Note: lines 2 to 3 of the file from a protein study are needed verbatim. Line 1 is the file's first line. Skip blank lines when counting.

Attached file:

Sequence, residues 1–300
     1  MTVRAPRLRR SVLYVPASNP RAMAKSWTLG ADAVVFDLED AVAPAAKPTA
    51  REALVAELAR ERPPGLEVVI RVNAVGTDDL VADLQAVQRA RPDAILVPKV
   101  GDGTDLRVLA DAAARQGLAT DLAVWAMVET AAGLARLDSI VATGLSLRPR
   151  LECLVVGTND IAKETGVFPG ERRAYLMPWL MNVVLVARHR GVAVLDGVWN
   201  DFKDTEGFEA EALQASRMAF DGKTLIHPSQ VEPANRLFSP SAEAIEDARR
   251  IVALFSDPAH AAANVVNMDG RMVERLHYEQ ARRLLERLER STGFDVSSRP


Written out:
     1  MTVRAPRLRR SVLYVPASNP RAMAKSWTLG ADAVVFDLED AVAPAAKPTA
    51  REALVAELAR ERPPGLEVVI RVNAVGTDDL VADLQAVQRA RPDAILVPKV